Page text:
Thursday, July 17, 2014

Dispelling Myths about Epiphyllum oxypetalum

Epiphyllum oxypetalum, Mama called it Night Blooming Cereus. It isn't a Cereus; it is a jungle cactus native from Mexico to Brazil.

Fully open bloom between 10 pm and midnight with an incredible fragrance.

When days got too warm in the greenhouse, we loaded up and moved to a cool shady spot.

Because I tend to root any piece that breaks, there are several pots of these things. Few people around here want to tend a plant that grows big and gangly and requires protection from frost. Most of those given away met an untimely end. This is the Coastal South, hot and humid. Summers here are ideal for growing jungle cacti. Winters require protection for the plants. 

A week ago, buds were hanging straight down. Dry weather meant I didn't water enough to save every bud and some dried up.

Among the myths about this plant is that they bloom only once a year for 2-3 days and that it takes up to 20 years to see a bloom. 

Instructions for propagation usually start with a piece about 4" -- only if you have a small plant and want to make many plants that take forever to bloom. I've had blooms the same summer on large pieces that broke off and I rooted. Sometimes I cut off ugly pieces and throw them on the ground under the bench. They often root and send up pretty new leaves. 

In my garden, they've bloomed as early as May some years, as late as October in the greenhouse. Repeat blooms form all summer. Tiny buds have already formed on other cladodes as these bloom. From tiny bud to bloom takes less than a month. 

This is the clue that bloom is eminent: the bud turns up in a pipe form.
The one on the right bloomed last night. The one on the left will bloom tonight.

Buds form from veins along the sides of each flat phylloclade which is not really a leaf but a flattened stem. Along the 'leaves' new phylloclades also form. Sometimes it is hard to determine whether we see a bud or a new cladode until the bump gets big enough to see if it is round or flat.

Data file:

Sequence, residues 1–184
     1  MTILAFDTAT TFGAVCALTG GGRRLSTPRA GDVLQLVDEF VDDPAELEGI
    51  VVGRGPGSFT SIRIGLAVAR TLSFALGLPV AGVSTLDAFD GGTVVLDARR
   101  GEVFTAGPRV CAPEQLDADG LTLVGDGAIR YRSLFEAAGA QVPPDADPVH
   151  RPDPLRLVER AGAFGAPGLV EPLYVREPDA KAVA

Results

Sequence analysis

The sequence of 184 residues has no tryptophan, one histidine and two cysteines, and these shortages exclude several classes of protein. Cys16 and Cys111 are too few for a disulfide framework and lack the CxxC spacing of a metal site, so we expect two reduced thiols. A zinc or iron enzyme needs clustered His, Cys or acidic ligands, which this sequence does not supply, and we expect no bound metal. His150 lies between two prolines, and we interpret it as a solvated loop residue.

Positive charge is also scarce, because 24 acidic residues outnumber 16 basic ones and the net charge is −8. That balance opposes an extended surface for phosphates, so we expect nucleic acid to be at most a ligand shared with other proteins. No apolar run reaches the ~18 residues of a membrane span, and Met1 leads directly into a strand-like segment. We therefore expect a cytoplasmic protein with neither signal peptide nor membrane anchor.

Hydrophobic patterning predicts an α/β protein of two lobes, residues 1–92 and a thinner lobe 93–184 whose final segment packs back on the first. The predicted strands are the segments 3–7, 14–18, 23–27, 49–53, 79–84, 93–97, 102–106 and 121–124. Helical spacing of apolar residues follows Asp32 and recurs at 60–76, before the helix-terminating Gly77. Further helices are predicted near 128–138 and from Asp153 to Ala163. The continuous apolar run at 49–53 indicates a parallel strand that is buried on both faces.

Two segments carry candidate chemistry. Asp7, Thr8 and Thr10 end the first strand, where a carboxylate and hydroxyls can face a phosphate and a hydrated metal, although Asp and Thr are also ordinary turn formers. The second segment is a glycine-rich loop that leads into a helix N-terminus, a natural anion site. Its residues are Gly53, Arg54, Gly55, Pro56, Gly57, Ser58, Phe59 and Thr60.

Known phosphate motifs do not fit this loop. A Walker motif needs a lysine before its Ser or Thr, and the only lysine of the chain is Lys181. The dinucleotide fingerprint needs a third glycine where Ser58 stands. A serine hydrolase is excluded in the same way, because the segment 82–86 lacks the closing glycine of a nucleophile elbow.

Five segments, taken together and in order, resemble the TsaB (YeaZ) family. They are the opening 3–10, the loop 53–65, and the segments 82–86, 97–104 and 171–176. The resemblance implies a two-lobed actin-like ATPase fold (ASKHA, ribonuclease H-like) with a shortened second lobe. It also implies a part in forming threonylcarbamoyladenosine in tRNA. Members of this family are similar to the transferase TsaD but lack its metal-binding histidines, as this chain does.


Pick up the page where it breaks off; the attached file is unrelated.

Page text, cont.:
At 9 pm last night, the bloom was half open.

Even half open, the scent is spicy and sweet. I cut one to bring inside and let the others bloom unseen in the dark. Come sunup, they hang limp and spent.

If you want to see photos of some open blooms try this link: Epiphyllum from 2012.

Walking back from the secret garden where Epiphyllums bloom, I caught the fragrance of Brugmansia blooms nearer the house.


Both these plants tend to bloom near the same time, in sequential bloom times, so I wonder if bloom is tied to phases of the moon?




5 comments:

  1. I remember admiring a large night-blooming Epiphyllum at a rental house my husband and I lived in many years ago and have coveted one ever since. I bought an unrooted cutting at a flower show several years ago but it never took. Do you have suggestions as to how to get a cutting started?

    ReplyDelete
  2. I had one of these, very tall and awkward and ungainly, that I couldn't take when we moved. I hadn't had it long, and it had never bloomed for me, so I've never actually seen or smelled its flowers. I haven't seen them for sale in any of the houseplant sections or nurseries here.

    ReplyDelete
  3. Someone gave me a plant many years ago that they called Night Blooming Cereus. I've never really questioned the named. It looks kinda like yours, but the stems are narrower and thicker, though, new growth is flat and thinner. It blooms a white flower, which produces a prickly pear type fruit. I'm curious now to find out what it is. Time to start doing some research.

    ReplyDelete
  4. Bizarre but beautiful. Why would it bloom at night? What pollinates it?

    ReplyDelete
  5. I really like Datura and had one for years. Unfortunately, the winter did it in. The insects loved it too. Yours is very pretty.

    ReplyDelete

I look forward to comments and questions and lively discussion of gardening and related ideas.



Google+ Followers